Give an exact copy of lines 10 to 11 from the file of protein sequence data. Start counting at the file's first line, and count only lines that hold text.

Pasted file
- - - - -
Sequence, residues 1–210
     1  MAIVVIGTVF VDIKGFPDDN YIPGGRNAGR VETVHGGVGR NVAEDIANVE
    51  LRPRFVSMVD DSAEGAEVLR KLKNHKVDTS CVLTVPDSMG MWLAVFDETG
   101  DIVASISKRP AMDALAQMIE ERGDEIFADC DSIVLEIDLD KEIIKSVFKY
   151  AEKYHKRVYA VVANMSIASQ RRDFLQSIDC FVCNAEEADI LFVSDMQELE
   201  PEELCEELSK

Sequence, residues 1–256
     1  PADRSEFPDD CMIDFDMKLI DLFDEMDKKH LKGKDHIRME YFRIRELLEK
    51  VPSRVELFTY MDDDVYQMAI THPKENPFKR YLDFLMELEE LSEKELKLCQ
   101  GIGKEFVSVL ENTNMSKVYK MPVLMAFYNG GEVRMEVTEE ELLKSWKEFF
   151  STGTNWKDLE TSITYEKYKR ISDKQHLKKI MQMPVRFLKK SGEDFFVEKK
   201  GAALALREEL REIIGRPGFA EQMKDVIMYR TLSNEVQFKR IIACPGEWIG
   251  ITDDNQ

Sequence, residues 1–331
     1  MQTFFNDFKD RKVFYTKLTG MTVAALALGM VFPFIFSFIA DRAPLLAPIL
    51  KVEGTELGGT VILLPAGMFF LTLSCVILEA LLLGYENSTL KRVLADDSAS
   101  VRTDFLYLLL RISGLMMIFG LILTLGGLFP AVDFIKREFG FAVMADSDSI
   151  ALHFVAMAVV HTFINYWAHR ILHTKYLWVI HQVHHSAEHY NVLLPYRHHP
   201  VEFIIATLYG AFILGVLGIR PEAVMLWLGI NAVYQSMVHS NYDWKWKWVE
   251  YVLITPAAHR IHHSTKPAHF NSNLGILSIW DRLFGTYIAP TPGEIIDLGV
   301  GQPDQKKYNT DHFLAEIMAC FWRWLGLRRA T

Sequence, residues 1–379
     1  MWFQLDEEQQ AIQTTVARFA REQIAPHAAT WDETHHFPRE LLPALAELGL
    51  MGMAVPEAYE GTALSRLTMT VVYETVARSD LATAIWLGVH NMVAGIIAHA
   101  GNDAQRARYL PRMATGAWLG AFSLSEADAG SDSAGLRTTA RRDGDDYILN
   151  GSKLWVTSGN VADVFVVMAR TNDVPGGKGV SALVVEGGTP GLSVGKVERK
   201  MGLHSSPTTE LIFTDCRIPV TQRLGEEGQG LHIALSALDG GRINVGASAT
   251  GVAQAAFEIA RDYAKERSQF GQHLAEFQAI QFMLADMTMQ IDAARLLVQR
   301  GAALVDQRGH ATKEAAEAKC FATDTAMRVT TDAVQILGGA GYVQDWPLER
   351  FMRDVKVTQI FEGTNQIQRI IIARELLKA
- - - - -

   101  GIGKEFVSVL ENTNMSKVYK MPVLMAFYNG GEVRMEVTEE ELLKSWKEFF
   151  STGTNWKDLE TSITYEKYKR ISDKQHLKKI MQMPVRFLKK SGEDFFVEKK